#1
So, I just found out how to learn scales. But there is various fingerings for each? Why is that? Secondly, should I learn all the fingerings for each? Third, should I just start of by learning the basic major scales? (C D E F G A B etc.)
#2
i can answer the last question , yes
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#4
Quote by thedude051
So, I just found out how to learn scales. But there is various fingerings for each? Why is that? Secondly, should I learn all the fingerings for each? Third, should I just start of by learning the basic major scales? (C D E F G A B etc.)



1) It's because the notes repeat over the fretboard and transfer to other strings.

2) You don't really need to I guess, but it'll help a bit in understanding how they work.

3) I would start with the pentatonics (very practical and easy) and then move onto major and natural minor.
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#6
Quote by QuiteTheFellow
1) It's because the notes repeat over the fretboard and transfer to other strings.

2) You don't really need to I guess, but it'll help a bit in understanding how they work.

3) I would start with the pentatonics (very practical and easy) and then move onto major and natural minor.


so if the notes repeat, there has to be an original fingering or"box" as one person called it. So what is the original fingering? The first one?
#8
aka John provided the answer for you dude. You want to learn all the positions of the major scale...you should be working on the 7 patterns (you'll be able to make the jump to modal thinking easier later on). There are a few reasons why you should learn and beable to play in all positions. Tone is primary. Different areas of the guitar provide different feels, tones, or vibes for you play. The guitar is capable of providing multiple variations of the same note. Multiple tones of the same frequency.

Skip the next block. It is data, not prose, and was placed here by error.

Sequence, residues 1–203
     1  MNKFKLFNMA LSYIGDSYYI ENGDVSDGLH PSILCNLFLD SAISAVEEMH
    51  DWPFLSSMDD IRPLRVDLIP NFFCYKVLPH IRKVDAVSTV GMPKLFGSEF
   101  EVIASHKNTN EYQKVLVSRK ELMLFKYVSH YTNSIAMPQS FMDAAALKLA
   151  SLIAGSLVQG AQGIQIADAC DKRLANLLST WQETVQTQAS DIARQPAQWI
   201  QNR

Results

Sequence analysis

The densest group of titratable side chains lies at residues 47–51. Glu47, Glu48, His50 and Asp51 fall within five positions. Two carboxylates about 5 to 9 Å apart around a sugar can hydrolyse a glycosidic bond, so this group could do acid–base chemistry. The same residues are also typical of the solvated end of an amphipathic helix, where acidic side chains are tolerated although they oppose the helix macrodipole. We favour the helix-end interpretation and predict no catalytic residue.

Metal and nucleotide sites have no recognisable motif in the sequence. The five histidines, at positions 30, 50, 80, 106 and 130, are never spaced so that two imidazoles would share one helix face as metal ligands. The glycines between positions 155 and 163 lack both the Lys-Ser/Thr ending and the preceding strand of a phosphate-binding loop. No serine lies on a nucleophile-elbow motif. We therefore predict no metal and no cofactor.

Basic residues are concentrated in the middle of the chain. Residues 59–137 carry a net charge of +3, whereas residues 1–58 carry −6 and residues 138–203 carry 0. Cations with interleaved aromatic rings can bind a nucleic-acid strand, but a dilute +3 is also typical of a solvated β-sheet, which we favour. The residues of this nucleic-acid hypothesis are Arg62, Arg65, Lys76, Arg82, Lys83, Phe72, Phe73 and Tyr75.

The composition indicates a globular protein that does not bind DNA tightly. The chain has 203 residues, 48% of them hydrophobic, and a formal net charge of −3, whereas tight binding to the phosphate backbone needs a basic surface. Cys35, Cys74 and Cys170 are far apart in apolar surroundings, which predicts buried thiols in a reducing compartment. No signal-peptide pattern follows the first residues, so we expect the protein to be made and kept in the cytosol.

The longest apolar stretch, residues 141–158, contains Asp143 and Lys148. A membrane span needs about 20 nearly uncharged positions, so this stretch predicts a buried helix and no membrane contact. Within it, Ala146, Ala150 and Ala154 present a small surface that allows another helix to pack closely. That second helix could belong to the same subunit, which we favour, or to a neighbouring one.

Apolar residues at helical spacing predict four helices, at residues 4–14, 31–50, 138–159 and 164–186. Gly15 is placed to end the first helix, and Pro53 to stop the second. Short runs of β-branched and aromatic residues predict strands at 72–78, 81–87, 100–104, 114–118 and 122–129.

The second reason was also mentioned above...and that is visualizing the entire fretboard. If you learn all 7 patters and practice moving from one to the next up and down the fretboard your brain will be able to link, move, and transition throughout the fretboard.

In time...you'll be able to make tonal statements in your playing based on taking advantage of those areas in the fretboard that feel right for the song or the mood in a particular spot in the song.

cl
#9
well if you want to play in different pitches, and create different sounding phrases across the neck. You hnestly dont think the same shape is gonna get boring? Plus then you get all the modal stuff which is required for applying the different shapes, whether you use them actively or passively. I donno if you feel happy doing the same shit go for it, but you'll get bored eventually.

Edit: sry misread your question a bit, bit of an ass, I am
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#10
http://www.ultimate-guitar.com/lessons/guitar_techniques/hopscotch_method_part_1.html

Start with the minor pentatonic, then the major pentatonic and then go one with the major scale
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#11
Sorry Alex...he should not start with the pentatonic. Yes...it is easier to get going, but over the long run it is better to start with the Major scale. All roads lead from there. You get the pentatonic from the Major scale. The Major scale is the root of music. It determines the keys through the Harmonized Major Scale.

Start with the Major Scale. Learn the 7 patterns. Learn their root notes. Practice moving the around and playing through all of them in the same key. Then...move to the Pentatonic (Major/Minor) & The Natural Minor (which is the first modal application and a great start for that).

cl